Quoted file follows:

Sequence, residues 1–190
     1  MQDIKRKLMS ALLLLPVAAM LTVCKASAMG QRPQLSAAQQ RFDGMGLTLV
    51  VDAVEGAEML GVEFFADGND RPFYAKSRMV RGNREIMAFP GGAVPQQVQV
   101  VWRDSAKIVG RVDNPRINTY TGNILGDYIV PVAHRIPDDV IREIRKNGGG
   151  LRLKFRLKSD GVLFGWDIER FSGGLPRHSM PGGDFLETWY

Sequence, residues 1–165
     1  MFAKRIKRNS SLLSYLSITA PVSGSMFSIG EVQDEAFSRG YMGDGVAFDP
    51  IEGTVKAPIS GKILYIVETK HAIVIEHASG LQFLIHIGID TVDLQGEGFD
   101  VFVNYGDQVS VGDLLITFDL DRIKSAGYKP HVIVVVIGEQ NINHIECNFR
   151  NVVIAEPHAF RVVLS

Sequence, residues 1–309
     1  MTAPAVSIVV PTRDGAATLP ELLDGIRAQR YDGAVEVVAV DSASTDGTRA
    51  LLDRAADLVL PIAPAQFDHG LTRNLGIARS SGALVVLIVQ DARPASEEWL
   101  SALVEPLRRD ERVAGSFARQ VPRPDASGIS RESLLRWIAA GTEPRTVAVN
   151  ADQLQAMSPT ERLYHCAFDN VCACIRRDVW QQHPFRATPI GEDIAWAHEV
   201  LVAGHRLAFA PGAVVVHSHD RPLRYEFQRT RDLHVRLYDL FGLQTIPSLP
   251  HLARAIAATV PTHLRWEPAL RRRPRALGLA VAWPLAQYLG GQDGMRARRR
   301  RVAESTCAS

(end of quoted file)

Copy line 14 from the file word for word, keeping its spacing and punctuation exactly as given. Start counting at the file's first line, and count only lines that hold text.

   101  SALVEPLRRD ERVAGSFARQ VPRPDASGIS RESLLRWIAA GTEPRTVAVN